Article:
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Cervical lymphadenitis: etiology, diagnosis, and management.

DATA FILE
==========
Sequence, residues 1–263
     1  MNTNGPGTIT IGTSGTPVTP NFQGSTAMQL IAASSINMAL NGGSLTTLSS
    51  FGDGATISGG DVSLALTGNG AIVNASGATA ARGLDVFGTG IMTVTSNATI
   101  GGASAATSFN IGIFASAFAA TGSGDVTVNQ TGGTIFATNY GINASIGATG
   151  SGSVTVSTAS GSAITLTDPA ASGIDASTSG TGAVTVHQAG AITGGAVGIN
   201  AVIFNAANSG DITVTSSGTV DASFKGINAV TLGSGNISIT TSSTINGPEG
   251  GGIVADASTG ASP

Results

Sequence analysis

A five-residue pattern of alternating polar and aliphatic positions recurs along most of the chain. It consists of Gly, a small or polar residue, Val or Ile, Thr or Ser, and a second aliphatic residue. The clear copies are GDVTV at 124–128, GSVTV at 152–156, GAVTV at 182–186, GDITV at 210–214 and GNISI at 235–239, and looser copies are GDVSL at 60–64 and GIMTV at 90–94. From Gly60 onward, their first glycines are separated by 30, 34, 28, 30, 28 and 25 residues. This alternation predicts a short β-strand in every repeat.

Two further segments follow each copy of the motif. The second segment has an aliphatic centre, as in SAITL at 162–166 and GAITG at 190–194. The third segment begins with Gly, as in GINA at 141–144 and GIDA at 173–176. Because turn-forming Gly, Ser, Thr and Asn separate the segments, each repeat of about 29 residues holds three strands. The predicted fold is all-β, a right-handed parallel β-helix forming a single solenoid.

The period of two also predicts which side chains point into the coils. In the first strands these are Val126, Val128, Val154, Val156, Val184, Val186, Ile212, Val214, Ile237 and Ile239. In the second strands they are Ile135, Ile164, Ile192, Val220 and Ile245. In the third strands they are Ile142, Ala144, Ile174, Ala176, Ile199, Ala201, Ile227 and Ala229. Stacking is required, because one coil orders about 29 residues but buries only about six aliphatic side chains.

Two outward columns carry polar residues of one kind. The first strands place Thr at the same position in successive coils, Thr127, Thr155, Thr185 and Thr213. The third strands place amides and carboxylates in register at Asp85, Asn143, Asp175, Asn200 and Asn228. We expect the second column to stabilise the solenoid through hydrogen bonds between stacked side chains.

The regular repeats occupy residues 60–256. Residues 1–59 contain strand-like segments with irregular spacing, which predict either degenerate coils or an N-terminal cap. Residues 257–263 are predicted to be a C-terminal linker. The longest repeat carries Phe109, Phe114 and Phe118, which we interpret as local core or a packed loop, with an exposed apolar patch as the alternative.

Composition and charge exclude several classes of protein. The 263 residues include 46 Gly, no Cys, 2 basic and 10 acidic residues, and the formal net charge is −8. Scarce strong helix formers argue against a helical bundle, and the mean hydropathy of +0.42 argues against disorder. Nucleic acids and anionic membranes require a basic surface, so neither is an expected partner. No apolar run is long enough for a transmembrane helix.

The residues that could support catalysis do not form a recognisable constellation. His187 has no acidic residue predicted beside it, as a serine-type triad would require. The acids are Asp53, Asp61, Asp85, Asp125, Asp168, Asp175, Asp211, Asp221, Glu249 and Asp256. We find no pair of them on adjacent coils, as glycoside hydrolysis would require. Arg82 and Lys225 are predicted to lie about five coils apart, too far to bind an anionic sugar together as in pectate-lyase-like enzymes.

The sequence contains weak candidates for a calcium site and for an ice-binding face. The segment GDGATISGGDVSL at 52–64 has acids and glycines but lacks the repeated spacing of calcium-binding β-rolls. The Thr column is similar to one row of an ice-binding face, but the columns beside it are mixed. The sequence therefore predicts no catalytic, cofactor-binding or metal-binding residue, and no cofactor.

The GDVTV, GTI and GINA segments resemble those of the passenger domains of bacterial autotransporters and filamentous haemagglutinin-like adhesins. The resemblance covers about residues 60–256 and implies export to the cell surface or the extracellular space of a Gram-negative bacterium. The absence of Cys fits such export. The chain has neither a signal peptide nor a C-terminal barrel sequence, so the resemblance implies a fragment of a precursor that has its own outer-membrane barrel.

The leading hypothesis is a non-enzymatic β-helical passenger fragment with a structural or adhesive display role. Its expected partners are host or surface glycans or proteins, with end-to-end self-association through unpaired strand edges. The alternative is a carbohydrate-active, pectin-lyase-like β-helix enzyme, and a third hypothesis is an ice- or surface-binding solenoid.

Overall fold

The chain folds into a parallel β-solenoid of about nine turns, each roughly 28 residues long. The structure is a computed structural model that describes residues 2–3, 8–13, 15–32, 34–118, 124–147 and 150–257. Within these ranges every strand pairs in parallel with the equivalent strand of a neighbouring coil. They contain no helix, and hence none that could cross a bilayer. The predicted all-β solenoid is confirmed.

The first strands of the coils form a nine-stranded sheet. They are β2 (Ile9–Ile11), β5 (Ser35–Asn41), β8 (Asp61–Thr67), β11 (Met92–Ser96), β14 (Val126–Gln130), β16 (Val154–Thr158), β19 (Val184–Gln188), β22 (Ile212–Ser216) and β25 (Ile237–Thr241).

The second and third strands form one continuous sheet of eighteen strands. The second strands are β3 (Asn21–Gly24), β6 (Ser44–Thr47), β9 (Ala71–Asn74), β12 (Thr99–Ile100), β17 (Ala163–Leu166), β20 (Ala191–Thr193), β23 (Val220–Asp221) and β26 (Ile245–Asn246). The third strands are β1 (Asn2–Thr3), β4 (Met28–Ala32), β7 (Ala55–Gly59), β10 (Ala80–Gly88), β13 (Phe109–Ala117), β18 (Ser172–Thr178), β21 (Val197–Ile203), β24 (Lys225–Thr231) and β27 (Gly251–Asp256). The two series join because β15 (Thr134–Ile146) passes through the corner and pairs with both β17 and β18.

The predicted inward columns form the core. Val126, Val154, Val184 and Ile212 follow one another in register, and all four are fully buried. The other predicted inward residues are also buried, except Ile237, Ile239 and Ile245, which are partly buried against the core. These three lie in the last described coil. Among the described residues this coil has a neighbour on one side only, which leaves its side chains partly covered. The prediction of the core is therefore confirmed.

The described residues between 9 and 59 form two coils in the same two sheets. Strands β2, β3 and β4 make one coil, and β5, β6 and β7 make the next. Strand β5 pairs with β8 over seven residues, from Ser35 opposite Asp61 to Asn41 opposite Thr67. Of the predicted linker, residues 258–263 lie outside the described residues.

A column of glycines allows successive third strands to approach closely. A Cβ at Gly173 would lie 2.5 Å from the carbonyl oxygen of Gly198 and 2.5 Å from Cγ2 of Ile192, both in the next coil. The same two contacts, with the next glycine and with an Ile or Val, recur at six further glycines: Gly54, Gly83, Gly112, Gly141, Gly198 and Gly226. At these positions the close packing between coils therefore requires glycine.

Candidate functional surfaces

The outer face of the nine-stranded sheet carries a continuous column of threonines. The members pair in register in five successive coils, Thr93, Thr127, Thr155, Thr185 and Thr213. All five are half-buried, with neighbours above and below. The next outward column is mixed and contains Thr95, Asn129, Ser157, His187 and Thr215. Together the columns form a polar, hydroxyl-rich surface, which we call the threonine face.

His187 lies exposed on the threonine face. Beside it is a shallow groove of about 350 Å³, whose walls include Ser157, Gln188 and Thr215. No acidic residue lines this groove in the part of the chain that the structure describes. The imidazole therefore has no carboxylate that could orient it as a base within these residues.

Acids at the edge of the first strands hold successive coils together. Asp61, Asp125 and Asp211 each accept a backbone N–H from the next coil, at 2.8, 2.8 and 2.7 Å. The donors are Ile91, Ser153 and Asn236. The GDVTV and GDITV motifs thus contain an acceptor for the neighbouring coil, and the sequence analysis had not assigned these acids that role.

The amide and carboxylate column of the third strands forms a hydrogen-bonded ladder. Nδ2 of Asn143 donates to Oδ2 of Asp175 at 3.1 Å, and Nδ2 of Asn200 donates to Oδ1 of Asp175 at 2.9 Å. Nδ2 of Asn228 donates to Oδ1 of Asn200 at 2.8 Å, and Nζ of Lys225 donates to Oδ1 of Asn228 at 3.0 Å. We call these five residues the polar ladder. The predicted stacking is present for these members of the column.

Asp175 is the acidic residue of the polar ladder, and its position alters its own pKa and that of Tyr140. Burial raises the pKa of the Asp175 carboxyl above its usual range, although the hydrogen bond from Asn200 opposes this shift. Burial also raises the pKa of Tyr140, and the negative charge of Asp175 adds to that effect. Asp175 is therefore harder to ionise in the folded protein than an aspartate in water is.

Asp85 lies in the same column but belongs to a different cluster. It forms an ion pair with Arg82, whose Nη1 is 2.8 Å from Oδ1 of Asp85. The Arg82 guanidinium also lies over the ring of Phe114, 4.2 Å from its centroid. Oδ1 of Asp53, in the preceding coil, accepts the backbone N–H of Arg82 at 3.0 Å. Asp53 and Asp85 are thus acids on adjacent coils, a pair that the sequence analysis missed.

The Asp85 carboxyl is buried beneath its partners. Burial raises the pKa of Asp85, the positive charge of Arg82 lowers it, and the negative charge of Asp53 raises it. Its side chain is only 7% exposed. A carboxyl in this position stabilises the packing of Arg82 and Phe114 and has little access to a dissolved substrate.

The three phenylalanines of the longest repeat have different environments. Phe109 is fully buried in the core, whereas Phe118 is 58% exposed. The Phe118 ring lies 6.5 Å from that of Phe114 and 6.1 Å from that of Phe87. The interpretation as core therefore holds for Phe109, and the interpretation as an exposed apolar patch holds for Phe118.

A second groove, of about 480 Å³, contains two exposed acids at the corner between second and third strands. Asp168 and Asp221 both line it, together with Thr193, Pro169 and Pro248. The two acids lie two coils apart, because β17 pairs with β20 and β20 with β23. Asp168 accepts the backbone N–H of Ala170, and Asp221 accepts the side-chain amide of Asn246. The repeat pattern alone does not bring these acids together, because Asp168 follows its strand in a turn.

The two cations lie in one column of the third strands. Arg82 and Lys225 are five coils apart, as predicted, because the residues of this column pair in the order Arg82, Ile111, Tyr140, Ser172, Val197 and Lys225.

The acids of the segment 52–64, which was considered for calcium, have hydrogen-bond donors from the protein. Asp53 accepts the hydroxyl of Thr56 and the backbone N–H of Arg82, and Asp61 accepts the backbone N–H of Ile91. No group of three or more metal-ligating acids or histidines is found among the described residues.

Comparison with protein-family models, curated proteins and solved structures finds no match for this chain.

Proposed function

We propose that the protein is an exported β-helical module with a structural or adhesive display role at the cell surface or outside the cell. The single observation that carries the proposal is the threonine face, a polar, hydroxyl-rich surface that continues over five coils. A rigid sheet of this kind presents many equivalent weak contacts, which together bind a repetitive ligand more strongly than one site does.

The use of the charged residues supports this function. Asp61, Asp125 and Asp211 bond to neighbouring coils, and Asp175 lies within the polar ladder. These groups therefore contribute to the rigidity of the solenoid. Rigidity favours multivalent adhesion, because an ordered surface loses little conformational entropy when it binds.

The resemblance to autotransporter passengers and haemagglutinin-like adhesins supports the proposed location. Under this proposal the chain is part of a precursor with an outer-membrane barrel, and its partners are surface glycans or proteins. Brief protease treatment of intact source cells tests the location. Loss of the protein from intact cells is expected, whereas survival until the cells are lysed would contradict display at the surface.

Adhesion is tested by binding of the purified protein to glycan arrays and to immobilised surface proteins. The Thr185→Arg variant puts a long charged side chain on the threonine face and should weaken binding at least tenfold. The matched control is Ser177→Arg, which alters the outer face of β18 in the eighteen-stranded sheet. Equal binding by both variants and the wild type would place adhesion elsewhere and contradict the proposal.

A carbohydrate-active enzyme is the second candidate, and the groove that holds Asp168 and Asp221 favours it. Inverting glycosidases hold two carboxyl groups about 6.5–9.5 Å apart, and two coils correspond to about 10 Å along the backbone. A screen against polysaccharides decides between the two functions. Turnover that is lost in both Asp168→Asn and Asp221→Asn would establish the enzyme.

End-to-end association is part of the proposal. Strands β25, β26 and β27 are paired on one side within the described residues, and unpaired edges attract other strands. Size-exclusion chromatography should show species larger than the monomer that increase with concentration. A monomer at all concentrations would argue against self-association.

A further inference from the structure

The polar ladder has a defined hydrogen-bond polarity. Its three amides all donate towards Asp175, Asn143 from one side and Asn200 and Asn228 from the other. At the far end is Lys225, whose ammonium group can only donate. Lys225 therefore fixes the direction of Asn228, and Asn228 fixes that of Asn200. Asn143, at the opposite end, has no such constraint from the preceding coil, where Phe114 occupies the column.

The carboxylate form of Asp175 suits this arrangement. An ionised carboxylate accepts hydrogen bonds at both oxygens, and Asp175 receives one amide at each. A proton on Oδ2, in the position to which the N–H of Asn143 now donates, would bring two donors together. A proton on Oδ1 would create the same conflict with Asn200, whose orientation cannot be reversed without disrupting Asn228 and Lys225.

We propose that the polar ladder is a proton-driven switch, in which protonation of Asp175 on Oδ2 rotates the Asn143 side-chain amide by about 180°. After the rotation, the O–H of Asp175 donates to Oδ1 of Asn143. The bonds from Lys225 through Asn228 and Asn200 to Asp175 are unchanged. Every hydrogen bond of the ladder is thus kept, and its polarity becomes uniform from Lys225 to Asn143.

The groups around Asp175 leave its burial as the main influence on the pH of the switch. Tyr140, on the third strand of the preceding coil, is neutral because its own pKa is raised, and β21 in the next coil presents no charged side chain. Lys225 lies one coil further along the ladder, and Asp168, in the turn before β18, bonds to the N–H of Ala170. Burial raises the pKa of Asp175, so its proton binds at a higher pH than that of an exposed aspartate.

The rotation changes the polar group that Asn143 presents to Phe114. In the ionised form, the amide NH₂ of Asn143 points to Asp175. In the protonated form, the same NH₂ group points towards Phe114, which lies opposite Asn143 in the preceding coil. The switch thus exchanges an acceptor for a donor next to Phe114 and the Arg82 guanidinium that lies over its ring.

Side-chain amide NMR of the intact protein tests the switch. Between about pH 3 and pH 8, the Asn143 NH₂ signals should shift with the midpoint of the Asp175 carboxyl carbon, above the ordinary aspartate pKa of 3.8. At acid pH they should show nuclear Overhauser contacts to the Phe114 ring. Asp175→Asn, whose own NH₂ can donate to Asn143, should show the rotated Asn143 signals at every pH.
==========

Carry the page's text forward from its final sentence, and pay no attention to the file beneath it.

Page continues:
Cervical lymphadenopathy is a common problem in children. The condition most commonly represents a transient response to a benign local or generalized infection. Acute bilateral cervical lymphadenitis is usually caused by a viral upper respiratory tract infection or streptococcal pharyngitis. Acute unilateral cervical lymphadenitis is caused by streptococcal or staphylococcal infection in 40% to 80% of cases. Common causes of subacute or chronic lymphadenitis include cat-scratch disease and mycobacterial infection. Generalized lymphadenopathy is often caused by a viral infection, and less frequently by malignancies, collagen vascular diseases, and medications. Laboratory tests are not necessary in most children with cervical lymphadenopathy. Most cases of cervical lymphadenitis are self-limited and require no treatment. The treatment of acute bacterial cervical lymphadenitis without a known primary source should provide adequate coverage for both Staphylococcus aureus and Streptococcus pyogenes.

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